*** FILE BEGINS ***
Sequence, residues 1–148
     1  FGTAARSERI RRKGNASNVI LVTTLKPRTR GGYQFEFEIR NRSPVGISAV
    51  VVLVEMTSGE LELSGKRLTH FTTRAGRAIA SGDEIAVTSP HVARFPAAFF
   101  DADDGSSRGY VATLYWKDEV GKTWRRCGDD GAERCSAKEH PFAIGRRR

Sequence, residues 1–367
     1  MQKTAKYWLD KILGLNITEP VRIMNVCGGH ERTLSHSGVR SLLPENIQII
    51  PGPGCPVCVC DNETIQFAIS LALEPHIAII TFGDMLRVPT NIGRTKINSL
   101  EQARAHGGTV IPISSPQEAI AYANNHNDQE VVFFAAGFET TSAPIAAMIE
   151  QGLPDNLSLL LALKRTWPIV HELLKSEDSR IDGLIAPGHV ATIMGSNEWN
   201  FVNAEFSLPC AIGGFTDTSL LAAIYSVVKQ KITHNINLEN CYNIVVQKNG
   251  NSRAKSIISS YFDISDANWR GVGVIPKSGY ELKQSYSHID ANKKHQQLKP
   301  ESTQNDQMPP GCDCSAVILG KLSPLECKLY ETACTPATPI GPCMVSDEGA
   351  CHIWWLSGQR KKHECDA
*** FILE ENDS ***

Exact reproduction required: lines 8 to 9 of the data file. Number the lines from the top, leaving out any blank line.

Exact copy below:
   101  EQARAHGGTV IPISSPQEAI AYANNHNDQE VVFFAAGFET TSAPIAAMIE
   151  QGLPDNLSLL LALKRTWPIV HELLKSEDSR IDGLIAPGHV ATIMGSNEWN